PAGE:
Roundup: NYT on Home Birth, How Obama Can Lead to Middle Ground on Abortion

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Roundup: NYT on Home Birth, How Obama Can Lead to Middle Ground on Abortion

Brady Swenson

The New York Times' lengthy feature on home birth; Frank Schaeffer's open letter to Obama on how to sieze this moment to start healing deep political divisions about abortion; Feminists say the work has just begun; Migrant workers in Asia especially vulnerable to HIV/AIDS.

Baby, You’re Home

The New York Times has an excellent, lengthy feature on home birth today. The piece focuses on several women who have decided to birth their babies at home New York City but discusses many of the broader issues surrounding home birth. Including the fact that home birthing is gaining populartity, and quickly, albeit from a very low percentage of births:

But local midwives say they have been swamped with calls and
requests in recent months, in some cases increasing their workload from
two, three or four deliveries a month to as many as 10. (New York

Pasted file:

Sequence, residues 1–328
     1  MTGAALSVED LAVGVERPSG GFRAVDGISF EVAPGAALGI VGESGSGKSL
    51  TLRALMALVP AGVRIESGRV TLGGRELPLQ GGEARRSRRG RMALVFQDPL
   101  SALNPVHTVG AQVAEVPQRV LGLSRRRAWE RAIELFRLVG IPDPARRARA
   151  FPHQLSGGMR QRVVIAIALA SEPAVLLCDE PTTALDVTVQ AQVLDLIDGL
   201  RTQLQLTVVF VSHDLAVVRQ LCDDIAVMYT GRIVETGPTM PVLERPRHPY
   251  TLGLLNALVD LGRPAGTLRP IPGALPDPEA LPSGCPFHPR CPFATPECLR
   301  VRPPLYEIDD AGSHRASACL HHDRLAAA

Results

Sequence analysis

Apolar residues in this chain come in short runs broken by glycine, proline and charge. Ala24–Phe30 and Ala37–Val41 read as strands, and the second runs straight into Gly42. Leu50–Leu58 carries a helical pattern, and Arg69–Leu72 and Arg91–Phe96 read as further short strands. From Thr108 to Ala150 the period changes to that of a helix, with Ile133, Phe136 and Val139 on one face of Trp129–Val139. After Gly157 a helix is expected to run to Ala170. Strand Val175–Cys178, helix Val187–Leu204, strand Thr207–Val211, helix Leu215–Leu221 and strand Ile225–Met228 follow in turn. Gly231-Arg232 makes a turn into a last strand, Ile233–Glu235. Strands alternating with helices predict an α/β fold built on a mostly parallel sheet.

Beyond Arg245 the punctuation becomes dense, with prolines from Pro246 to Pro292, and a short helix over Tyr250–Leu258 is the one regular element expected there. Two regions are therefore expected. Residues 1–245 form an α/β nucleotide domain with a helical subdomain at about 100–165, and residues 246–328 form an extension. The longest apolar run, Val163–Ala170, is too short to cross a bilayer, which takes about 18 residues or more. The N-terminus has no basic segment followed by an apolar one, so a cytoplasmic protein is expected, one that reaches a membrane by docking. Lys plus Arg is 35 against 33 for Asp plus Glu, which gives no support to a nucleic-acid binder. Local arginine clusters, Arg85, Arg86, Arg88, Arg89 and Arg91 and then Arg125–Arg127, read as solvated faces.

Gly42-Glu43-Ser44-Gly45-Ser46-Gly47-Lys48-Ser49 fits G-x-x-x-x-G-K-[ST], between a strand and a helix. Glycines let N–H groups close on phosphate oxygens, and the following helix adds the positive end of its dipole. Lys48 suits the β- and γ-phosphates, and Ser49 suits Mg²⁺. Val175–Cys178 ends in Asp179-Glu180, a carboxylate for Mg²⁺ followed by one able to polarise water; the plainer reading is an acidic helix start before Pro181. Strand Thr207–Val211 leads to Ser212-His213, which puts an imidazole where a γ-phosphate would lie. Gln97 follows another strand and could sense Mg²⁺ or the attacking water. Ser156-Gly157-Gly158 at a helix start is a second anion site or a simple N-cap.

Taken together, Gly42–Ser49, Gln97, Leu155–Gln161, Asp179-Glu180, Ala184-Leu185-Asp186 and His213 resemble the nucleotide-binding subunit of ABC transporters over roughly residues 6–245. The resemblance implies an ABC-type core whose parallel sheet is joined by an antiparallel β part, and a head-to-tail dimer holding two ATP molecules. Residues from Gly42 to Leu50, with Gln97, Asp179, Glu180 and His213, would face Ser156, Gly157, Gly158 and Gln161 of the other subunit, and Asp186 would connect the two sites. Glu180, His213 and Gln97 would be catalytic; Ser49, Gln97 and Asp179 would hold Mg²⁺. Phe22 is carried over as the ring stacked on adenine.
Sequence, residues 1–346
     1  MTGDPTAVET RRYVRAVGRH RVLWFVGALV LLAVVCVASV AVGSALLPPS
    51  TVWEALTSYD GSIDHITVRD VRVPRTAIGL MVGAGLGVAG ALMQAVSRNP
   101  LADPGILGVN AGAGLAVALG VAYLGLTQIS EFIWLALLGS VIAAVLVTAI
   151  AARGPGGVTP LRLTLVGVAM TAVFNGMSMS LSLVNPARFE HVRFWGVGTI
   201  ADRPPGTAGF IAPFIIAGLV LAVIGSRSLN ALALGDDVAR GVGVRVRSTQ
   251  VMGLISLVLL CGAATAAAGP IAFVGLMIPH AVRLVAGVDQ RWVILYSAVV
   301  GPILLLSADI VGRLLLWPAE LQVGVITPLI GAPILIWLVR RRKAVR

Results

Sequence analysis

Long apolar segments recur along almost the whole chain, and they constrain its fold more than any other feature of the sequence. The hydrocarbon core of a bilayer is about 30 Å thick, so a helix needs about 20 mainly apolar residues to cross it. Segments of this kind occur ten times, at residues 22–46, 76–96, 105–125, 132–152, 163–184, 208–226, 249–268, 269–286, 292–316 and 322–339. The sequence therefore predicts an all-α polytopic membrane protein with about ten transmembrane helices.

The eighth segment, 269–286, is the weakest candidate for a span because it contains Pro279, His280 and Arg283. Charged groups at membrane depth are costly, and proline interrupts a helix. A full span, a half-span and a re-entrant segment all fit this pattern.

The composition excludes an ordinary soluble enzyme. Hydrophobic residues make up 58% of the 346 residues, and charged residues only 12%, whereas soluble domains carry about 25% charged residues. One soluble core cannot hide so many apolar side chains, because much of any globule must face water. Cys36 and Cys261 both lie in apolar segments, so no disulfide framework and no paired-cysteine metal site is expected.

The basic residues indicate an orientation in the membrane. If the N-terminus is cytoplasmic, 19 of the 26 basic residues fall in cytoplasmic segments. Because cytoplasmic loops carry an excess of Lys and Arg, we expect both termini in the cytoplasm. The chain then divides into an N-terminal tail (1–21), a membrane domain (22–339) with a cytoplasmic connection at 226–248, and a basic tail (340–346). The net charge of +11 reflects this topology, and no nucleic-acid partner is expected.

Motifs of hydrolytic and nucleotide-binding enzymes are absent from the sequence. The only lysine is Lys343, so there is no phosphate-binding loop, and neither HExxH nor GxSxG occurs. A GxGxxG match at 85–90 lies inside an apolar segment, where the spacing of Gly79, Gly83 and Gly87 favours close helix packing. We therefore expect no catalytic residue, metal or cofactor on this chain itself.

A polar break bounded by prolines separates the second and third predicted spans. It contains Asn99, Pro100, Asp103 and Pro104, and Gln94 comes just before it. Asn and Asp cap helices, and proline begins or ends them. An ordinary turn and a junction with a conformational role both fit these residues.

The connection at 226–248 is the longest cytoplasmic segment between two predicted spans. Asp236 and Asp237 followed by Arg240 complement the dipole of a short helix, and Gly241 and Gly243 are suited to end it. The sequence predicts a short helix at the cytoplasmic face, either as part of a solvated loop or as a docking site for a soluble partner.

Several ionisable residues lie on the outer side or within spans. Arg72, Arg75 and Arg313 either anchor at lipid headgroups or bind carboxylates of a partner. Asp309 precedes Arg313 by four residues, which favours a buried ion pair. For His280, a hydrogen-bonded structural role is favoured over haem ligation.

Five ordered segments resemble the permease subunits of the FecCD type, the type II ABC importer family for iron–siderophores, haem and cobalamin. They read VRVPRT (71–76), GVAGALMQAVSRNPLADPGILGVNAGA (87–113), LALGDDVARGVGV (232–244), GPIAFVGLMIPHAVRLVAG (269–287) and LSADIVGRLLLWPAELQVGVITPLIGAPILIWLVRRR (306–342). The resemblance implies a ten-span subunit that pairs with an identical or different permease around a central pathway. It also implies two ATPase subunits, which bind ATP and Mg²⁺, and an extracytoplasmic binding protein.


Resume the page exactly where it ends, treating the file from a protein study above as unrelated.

health department statistics for this year will not be available until
2010.) Several certified nurse midwives who have home-birth-only
practices said they had gotten so many more requests in recent months
that they have begun referring pregnant women to midwives in Rockland
County, Long Island and New Jersey.

Erica Lyon, the founder of
Realbirth, a five-year-old childbirth education center with three
locations in the city, said 20 percent of the 160 couples who take her
classes each month are planning home births, twice as many as six
months ago.,
one of the biggest online purveyors of birthing pools — deep inflatable
tubs with a specially designed built-in seat and handles — said its
sales have doubled since last year, with more than 20 percent of its
customers in New York City;,
another outlet, said it has sold more than twice as many pools this
year as last, 25 percent of them to New Yorkers and Long Islanders.

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An Open Letter to President-Elect Obama About Abortion: From a Pro-Obama and Pro-Life Leader